SWITCHING POWER SUPPLIES, OR IíM NEVER TURNING MY COMPUTER ON AGAIN
Remember the TV ad that went something like,
"The worst thing you can do is start your car"? Every time you push
your computerís power button, something akin to starting your car takes place.
In the case of the combustion engine, cold, thick oil sitting at the bottom
of the drain pan canít suddenly shoot into the engine block and properly lubricate
all internal parts. The time lag when waiting for the pressure to build does
increase wear in the cylinder walls.
Those cheap, nasty switching power supplies,
some 235 watt, some 300 watt or more have a similar effect on your motherboard
(MB) every time the power button is pushed. If they were of the "linear"
configuration, the poor old MB wouldnít get such a shock of 5, -5, +12, and
Ė12 (and others) volts. You see, switching power supplies are some of the
weakest components, if not the weakest, in that precious little box
that is such a source of frustration and entertainment.
If youíre old enough to remember the days of
the 286 machine, you may recall the huge, heavy power supply that resided
within (and the real ball bearing fan) and an unusually well
constructed case. If it ever fell on your foot, an emergency room had better
be close by. Many of those old bomb computers came with linear power supplies.
Some of which still work after 15 or more years, while Joe Blowís 250 watt,
3 year old generic unit "popped" and caused a frazzled user to run
down to the nearest retail store to inquire about another small metallic 250
I Donít Get It
I still canít understand why we will shell out
500 smackers for the latest processor or even 250 George Washingtonís for
the most recently touted "Gee-Whiz-Force" video cards, but when
it comes to the power supply, a very crucial part, we canít bring ourselves
to fork over much more than ten lousy bucks. Thatís right, about 10 dollars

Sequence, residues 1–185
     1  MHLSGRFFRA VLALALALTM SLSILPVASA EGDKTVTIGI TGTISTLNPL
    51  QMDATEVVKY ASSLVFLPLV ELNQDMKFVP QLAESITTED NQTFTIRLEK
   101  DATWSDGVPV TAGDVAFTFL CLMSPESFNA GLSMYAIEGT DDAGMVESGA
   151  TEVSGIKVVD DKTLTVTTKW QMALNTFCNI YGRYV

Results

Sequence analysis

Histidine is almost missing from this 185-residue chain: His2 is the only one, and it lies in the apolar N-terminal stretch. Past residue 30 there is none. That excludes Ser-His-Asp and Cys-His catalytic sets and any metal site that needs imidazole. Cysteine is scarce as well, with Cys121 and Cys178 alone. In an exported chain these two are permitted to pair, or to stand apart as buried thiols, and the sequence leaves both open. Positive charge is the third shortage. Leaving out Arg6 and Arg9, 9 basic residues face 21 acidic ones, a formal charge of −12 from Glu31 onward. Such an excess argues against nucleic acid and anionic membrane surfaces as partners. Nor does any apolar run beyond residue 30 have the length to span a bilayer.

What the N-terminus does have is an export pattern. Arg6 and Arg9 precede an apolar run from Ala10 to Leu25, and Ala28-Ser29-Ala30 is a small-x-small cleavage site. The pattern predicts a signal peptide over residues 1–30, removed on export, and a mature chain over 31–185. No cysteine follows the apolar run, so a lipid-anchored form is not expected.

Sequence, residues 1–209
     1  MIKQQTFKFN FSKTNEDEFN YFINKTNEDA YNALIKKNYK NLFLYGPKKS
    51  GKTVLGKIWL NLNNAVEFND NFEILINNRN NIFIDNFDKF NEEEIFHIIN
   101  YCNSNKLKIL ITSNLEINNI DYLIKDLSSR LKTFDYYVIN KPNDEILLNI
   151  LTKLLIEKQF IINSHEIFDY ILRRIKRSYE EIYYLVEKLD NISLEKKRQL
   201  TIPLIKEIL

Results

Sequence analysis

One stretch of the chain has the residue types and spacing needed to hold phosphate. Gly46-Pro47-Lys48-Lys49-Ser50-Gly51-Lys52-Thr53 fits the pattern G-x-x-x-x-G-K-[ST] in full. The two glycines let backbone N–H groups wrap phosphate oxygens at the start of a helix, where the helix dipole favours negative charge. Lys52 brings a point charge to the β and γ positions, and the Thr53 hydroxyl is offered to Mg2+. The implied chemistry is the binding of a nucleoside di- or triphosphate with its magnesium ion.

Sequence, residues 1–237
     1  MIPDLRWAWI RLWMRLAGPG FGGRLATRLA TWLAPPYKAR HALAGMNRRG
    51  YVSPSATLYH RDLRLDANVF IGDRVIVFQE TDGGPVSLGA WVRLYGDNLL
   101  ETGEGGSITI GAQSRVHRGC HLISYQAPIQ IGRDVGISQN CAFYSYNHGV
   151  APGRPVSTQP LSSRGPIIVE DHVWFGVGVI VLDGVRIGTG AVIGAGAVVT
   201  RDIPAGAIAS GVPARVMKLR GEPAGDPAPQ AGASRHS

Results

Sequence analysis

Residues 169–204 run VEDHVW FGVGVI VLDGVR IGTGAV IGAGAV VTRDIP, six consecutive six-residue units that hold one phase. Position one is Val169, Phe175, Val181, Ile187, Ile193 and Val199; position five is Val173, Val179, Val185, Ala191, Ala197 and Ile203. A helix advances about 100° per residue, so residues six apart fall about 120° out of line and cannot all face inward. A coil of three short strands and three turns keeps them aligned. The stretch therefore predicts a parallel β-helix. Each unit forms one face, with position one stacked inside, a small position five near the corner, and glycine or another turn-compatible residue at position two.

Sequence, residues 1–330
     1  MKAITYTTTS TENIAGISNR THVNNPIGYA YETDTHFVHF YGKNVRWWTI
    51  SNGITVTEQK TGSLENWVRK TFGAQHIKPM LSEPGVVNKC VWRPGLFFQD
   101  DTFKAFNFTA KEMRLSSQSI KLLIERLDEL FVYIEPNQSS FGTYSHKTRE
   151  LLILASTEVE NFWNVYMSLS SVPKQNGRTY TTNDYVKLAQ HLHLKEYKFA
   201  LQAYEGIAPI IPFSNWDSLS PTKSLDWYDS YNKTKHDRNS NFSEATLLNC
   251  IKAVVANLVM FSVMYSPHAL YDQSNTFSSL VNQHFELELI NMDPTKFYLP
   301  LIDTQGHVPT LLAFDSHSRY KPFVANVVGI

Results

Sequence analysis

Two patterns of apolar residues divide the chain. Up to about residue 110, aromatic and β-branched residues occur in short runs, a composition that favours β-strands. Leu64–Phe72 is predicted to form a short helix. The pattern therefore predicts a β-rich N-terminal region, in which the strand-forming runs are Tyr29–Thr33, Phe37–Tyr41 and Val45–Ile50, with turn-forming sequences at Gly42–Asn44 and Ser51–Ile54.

is what we seem to commonly spend on supplies in the 200-250 watt range, when
purchased with a corresponding case. And we are amazed that
AMD has a recommended list for their Athlon processors.
Realistically, no significant competition exists
in the market for computer power supplies other than what we have become used
to. You think that the sub-$500 buyer would spring for that 15 year warranted
supply in a system that he/she will throw away in three years? I think not.
But why donít we have high quality linear units for servers and other demanding
workstation/gaming environments? Two reasons: (1) zero demand, and (2) high
costs. A small, lightweight (read: less shipping charges) 300 watt unit may
cost $10 of the $50 total cost, when purchasing any number of AT or ATX style
cases. If a similar capacity linear unit would be substituted, the previous
figure would jump to around $30-$50. But, you wouldnít believe the advantages
a class A, linear power supply would have for your beloved box.
Bulky, linear units were the standard until around
30 years ago, when engineers figured out a way to dramatically reduce the
weight and heat dissipation of the current crop of supplies. In the race to
make electronic products smaller and smaller, physics appeared to be limiting
just how tiny any device could shrink. By accepting a huge amount of garbage
in and frantically trying to filter out the AC (alternating current) ripple
at the output, heat dissipation and weight could be reduced by as much as
Whatís AC ripple? Take the amount of "dirty"
voltage, which will be in an AC form and divide that into the absolute value
of the DC (direct current) voltage. That result represents a percentage or
ratio of the bad stuff (AC) and the good stuff (DC). For example, say the
AC hash measures 0.030 volts (30mV) and the DC component is 12 volts. Dividing
0.03 by 12 gives 0.0025 or 0.25% of the output is garbage (dirty). More importantly,
this AC garbage has a frequency, sometimes in the worst case scenarios, several
frequencies. Ever hear a whine when listening to your car radio that follows
the engine rpm? That is usually an indication that your voltage regulators
or filter capacitors/inductors are on vacation. Now imagine youíve just spent
$500 on RDRAM and you just canít seem to get your system stable at 700Mhz.
Couldnít be the power supply, nah, Iíll RMA the motherboardÖ
Principles Of A Switching Supply